As the rest of the band took a breather, impeccable drummer Matt Cameron and Vedder remained. As Vedder took his seat at the band’s touring pump organ, he uttered words about the atrocities of the Ukraine and cried out for everyone to open their eyes and hearts to each other, to realize that war is never the answer. The audience acknowledged the message, reciprocated in emotive agreement, and bathed the arena in cell phone glow as a sign of unification with our fellow humans. With this, the duo pulled another Gigaton track for the night in “River Cross”. This contemplative piece filled the room with volume and power, although deriving it more from the visceral and emotional than the electric and amplified.
Relative rarity “Save You” came off the shelf and got the recognition it deserved. Only played three times this year and only twelve times since 2015, this one came out in perfect juxtaposition to its predecessor and had everyone bouncing again.
Radio hit “Betterman” had everyone joining in on the lyrics and once again instilling pause in the singer’s vocals, letting the fans take over the well-known and beloved number. This one saw extended soloing from Gossard, Vedder, and McCready and ended with a big finish that had everyone in The Ball reeling and high fiving each other, stranger and well-known alike.
The 1962 classic “Last Kiss” by Wayne Cochran followed and had the room singing and clapping along once again. This one has been in the PJ setlist since 1998, but has become more infrequent in recent years, this version being the third of the tour. Short, sweet, and fun, it is clear that the band enjoys performing this one and seemed appropriate for the “last kiss” of the tour.
The rarities continued with “Faithful”. After Being shelved since 2016 and with only three versions this year, its performance re-edified the fact that the band was making their mark on this night as a memorable and historic one, and seemingly once again were using a song to directly remark on the “faithful” audience that keeps showing up wherever they are, no matter where they are, to be a part of the unending revolving tour of this talent.
Cranking up the heat and electricity, “Lukin” turned the crowd back towards the hard edge and although the night was getting closer to its close, everyone showed they still had plenty of steam and time to throw in with the seven headed beast eviscerating their expectations and sharing their souls.
To close the set, “Rearview Mirror” took the audience on its standard winding trek with its soaring highways and meandering backroads. Taking in both thick traffic jams as well as breaking free to quiet horizons, this version was unhurried and when it reached its destination, everyone on the trip knew we had arrived.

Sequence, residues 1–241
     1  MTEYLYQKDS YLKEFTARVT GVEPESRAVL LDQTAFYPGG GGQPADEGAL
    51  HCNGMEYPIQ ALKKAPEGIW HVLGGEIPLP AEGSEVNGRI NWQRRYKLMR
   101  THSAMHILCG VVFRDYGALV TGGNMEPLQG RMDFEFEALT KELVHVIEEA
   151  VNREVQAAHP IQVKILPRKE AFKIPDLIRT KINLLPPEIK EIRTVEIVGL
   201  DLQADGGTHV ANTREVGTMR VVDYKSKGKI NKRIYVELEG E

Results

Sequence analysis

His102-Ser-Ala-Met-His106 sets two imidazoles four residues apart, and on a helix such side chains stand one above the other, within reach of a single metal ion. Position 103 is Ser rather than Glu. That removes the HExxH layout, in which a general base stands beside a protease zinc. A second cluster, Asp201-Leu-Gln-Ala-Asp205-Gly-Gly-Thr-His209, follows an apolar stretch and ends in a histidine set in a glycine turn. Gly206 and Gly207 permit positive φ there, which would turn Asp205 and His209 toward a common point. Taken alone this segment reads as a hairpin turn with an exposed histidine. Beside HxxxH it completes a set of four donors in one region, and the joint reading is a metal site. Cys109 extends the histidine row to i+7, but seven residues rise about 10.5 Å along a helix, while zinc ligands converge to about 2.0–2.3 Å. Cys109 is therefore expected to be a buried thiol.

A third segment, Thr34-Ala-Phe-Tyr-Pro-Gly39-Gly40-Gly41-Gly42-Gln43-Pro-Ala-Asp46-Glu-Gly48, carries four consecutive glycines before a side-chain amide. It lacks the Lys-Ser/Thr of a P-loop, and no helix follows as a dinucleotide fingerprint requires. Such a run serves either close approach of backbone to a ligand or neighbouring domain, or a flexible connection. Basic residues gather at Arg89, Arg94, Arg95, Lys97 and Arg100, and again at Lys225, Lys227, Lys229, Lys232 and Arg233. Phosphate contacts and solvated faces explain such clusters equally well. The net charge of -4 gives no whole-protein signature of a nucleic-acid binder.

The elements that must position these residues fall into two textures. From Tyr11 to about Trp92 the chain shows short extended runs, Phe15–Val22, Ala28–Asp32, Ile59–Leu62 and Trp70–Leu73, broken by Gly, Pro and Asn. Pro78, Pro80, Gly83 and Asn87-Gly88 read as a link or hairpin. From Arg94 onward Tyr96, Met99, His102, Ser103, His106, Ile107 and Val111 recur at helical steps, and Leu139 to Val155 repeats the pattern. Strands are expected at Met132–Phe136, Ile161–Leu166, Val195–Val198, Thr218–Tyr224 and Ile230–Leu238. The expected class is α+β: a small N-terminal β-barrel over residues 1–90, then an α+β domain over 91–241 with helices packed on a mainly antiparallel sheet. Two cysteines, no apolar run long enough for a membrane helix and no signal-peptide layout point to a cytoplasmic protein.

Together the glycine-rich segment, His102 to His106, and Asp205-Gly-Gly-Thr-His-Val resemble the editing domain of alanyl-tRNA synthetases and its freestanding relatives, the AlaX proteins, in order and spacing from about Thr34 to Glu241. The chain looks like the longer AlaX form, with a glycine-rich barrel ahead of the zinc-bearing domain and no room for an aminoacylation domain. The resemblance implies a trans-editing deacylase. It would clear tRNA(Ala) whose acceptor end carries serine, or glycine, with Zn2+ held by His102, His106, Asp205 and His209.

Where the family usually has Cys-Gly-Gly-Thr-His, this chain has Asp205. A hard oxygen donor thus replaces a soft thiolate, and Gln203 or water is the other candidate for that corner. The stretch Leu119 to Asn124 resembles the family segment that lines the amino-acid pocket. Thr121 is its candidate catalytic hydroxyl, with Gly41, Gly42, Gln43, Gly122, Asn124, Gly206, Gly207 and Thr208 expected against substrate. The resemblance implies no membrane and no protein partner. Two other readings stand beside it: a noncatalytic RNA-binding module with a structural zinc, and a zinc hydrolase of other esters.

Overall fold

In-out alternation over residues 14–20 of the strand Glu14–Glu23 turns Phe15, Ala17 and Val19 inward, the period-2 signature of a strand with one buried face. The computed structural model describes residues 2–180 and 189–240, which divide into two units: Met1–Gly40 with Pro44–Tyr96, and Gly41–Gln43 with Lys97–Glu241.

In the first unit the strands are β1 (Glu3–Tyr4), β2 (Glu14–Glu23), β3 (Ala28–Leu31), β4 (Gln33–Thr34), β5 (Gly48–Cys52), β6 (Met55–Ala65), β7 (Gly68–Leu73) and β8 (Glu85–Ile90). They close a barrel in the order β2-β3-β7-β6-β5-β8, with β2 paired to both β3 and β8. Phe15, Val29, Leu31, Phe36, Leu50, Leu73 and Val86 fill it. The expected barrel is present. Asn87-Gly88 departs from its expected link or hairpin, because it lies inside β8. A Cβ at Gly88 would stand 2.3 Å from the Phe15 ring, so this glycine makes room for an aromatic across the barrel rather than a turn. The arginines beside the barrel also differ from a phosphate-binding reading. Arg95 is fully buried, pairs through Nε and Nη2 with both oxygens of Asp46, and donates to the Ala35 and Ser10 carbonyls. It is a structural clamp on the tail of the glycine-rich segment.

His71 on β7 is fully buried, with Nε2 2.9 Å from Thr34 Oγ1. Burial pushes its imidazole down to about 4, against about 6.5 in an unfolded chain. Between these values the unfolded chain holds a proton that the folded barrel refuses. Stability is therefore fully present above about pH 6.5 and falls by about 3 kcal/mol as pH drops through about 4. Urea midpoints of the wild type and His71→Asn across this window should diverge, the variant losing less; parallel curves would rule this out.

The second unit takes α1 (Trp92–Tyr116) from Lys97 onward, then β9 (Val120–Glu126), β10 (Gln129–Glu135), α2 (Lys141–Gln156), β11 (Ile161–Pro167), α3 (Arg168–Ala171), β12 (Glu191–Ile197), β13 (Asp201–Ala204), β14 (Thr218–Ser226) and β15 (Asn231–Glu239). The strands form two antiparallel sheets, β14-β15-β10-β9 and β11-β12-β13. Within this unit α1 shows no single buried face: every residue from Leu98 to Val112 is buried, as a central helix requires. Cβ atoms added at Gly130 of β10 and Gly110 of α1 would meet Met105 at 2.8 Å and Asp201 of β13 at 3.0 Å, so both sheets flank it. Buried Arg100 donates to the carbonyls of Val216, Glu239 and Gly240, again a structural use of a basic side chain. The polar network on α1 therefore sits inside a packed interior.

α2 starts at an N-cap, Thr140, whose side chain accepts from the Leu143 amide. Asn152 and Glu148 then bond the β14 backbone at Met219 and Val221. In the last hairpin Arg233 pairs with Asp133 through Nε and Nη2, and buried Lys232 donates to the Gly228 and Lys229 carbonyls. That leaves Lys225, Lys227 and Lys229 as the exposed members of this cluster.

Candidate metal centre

Following a short exit, Vedder returned solo and thanked the crowd for helping to create another memory and for their choral contribution. He also took time to address different members of the audience, noting their signs, t-shirts, and internet posts prior to showtime, showing once again that the band after all these years remains quite intertwined and affected by their loyal following and can make an gargantuan arena show feel more like an intimate living room. Continuing to speak to the afflictions of living and the inspirations in light of dying, Vedder appropriately chose Tom Petty’s “ I Won’t Back Down” to inspire the opening of the encore slot.
Played for only the second time of the year and the fifth in six years, Mother Love Bone’s cover “Chloe Dancer / Crown of Thorns” had the room swaying and hanging on Vedder’s voicings. The structure hung strong in space and this exception sounded as fresh as if the band had written it themselves or been performing it night after night for years.
Fan favorite and classic “Alive” brought everyone back on line and noticeably raised the energy and temperature multiple degrees, giving all another last chance at losing their marbles in guitar distortion, strobed tempo, and frenetic movement, a practice everyone listening were ready and willing to engage in.
The final cover of the night took form in The Who’s “Baba O’Riley” and the band welcomed the band Thunderpussy to join them on stage. As the group thanked everyone for a great tour, career, and more memories than one can count, the infectious and familiar form ensnared back into the groove and elevated the spirit surround to dizzying heights and infected the room with a group smile that would not soon be forgotten.
Closing this date on an old familiar note, the evening’s final selection “Yellow Ledbetter” set the room nostalgic and comforted, even in the bittersweet realization that when the beloved band would be seen again was uncertain, a fact iterated earlier in the set by Vedder himself.
Honorable mention goes to the low end for this one. Pearl Jam would not be who they are without the depth that is Jeff Ament. His quaking bass lines and melodic creativity put him as a who is who in the bass field. This man displays as much energy on stage as any front man or lead guitarist and has no reservations about getting up in the grill of his counterparts to egg them on to the edge of ecstasy. With an infectious smile to counterbalance his gruff appearance, the man shows what it means to have the time of your life.
Although there are no Pearl Jam shows on the books for the upcoming year, anyone who has attended their events knows it won’t be too long until something happens. There is truly too much love for the performance from both sides of the stage, too much history for the PJ family, and too much need for their conscious positivity they bring to keep these gentlemen sitting for too long.